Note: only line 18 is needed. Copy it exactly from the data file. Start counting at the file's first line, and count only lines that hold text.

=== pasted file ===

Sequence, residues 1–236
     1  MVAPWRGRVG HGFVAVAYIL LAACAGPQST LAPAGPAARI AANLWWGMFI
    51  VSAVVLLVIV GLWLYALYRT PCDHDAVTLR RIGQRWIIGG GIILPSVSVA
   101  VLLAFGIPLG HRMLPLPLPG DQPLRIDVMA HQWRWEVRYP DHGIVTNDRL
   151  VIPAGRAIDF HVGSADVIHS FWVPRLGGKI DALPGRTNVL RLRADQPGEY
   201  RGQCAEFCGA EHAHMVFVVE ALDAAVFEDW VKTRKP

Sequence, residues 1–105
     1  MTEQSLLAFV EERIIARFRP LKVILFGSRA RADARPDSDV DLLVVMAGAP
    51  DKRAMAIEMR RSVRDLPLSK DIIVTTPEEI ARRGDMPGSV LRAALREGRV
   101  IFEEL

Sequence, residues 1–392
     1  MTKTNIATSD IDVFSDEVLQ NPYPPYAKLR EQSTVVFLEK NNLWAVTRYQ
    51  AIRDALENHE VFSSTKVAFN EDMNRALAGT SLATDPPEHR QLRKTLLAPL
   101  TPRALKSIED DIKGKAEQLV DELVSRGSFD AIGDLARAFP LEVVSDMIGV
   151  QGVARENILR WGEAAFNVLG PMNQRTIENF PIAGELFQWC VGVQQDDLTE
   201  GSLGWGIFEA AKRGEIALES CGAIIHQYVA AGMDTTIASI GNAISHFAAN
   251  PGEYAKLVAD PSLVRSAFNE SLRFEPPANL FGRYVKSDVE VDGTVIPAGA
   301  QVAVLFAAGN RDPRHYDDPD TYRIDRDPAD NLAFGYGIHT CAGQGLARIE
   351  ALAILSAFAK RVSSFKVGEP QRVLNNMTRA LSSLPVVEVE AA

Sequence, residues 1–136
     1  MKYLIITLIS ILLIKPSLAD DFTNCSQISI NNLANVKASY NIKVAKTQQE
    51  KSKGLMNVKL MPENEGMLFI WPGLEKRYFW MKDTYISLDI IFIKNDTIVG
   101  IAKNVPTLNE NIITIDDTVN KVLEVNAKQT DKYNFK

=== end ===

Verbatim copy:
   301  QVAVLFAAGN RDPRHYDDPD TYRIDRDPAD NLAFGYGIHT CAGQGLARIE